Two years ago, the duo wondered if the internal tools that they built for their own teams to manage their projects could help data teams around the world? The early results are in: Atlan, a startup they founded using learnings from SocialCops, has secured more than 200 customers from over 50 nations and has raised $2.5 million in pre-Series A funding led by Waterbridge Ventures, an early stage venture fund.

The startup, which employs about 80 people, has also received backing from Ratan Tata, Chairman Emeritus of conglomerate Tata Sons, Rajan Anandan, the former head of Google Southeast Asia, and 500 Startups. On Tuesday, Singapore-headquartered Atlan moved out of stealth mode.

The premise of Atlan’s products is simple. It’s built on the assumption that the way most people in enterprises deal with data is inefficient and broken, Sankar and Banka told TechCrunch in an interview. Typically, there is no central system to keep track of all these data points that often live in their own silos. This often results in people spending days to figure out what their compliance policy is, for instance.

“Atlan wants to democratize data inside organizations,” said Sankar.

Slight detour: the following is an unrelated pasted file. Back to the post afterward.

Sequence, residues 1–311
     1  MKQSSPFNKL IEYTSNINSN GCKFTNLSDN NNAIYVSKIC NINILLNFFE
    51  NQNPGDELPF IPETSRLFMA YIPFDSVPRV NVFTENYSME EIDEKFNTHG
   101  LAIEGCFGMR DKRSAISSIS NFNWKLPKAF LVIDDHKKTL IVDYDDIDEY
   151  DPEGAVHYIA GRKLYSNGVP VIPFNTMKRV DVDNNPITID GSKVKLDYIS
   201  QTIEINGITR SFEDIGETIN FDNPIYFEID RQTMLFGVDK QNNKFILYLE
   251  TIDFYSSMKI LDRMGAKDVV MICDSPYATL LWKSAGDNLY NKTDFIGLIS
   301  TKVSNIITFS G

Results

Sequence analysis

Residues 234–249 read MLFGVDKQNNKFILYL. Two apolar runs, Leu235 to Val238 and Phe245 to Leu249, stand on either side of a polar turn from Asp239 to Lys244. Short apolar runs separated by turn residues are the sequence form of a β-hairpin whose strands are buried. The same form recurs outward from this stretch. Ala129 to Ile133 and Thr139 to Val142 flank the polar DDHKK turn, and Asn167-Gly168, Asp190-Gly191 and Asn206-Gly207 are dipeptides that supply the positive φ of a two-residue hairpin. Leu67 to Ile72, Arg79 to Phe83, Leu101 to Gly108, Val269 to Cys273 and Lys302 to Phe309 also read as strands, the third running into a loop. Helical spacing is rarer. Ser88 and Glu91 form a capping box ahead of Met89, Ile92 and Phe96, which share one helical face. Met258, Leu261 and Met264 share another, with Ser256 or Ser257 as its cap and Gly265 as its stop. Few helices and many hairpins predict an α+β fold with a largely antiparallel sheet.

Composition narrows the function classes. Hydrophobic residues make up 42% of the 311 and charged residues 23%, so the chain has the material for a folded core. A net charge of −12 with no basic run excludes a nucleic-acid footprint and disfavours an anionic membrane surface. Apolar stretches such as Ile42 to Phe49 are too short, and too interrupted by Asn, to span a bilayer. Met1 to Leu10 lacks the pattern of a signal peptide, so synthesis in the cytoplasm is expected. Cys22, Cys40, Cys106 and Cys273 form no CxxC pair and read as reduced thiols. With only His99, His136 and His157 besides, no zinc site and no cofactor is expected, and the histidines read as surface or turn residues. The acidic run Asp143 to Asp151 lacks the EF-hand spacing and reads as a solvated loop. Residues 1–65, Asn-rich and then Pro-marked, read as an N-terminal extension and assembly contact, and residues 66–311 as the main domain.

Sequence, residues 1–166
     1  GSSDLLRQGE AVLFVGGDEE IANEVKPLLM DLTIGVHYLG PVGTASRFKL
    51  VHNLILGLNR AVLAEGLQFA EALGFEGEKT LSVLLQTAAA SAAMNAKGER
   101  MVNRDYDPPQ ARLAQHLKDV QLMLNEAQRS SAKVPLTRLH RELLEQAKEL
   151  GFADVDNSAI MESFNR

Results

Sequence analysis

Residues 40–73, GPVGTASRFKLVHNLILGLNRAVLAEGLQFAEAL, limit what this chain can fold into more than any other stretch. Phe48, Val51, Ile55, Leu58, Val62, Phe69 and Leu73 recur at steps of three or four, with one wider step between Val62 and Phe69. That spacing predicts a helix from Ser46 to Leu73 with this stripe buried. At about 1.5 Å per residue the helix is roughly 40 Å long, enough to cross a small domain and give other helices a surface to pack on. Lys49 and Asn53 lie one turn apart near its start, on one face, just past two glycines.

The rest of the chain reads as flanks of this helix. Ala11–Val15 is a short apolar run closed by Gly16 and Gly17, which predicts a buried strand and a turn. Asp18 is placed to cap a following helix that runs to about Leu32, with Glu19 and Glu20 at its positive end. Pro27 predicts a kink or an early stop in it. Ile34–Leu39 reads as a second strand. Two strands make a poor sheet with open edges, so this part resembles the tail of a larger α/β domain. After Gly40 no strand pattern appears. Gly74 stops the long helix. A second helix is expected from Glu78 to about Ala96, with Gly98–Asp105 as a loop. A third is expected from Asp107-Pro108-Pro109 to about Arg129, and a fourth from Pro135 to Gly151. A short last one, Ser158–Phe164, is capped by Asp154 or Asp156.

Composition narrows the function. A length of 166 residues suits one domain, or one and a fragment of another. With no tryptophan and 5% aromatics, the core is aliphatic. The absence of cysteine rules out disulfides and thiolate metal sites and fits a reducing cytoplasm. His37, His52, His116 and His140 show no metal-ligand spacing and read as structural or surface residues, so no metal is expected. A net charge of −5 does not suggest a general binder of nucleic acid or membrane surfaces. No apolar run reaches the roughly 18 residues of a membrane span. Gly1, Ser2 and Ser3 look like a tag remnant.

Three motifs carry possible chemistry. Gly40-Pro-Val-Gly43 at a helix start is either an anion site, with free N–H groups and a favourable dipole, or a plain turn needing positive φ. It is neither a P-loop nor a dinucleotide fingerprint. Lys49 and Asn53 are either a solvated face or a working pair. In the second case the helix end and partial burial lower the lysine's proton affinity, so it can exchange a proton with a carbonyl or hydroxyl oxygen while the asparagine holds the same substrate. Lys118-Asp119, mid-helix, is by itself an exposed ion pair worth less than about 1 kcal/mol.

Atlan Discovery 2

Teams within a typical company currently use a number of different tools to gather and manage data. Atlan has built products — dubbed Discovery, Grid, and Workflows — to create a collaboration layer, bringing together diverse data (from internal and external sources), tools and people to one interface.

“We are reimagining every human interaction with data. For instance, code has a profile on GitHub—what would a “profile” of data look like? What if you could share data as easily as a Google Sheets link, without worrying about the size or format? Or what would a data versioning and approval workflow look like? What if data scientists could acquire external data within minutes, instead of the months it takes right now?” said Banka.

The startup has also built a product called Collect that allows an organization to quickly deploy apps to collect granular data. These apps can collect data even when there is no internet connection. All of these data points, too, then find their way to the interface.

Atlan intends to use the capital it has raised on product development and sign more customers. It has already won some big names including Unilever, Milkbasket, Barbeque Nation, WPP and GroupM, Mahindra Group and InMobi in India, Chuan Lim Construction in Singapore, ServeHaiti in Haiti, Swansea University in the UK, the Ministry of Environment in Costa Rica, and Varun Beverages in Zambia.

In a prepared statement, Manish Kheterpal, Managing Partner at WaterBridge Ventures, said, “companies are struggling to overcome the friction that arises when diverse individuals need to collaborate, leading to project failure. The IPOs of companies like Slack and Zoom are proof that we live in the era of consumerization of the enterprise. With its sharp focus on data democratization, Atlan is well-positioned to reimagine the future of how data teams work.”

As for SocialCops, Sankar said it will live on as a data science community and pursue its signature “social good” mission.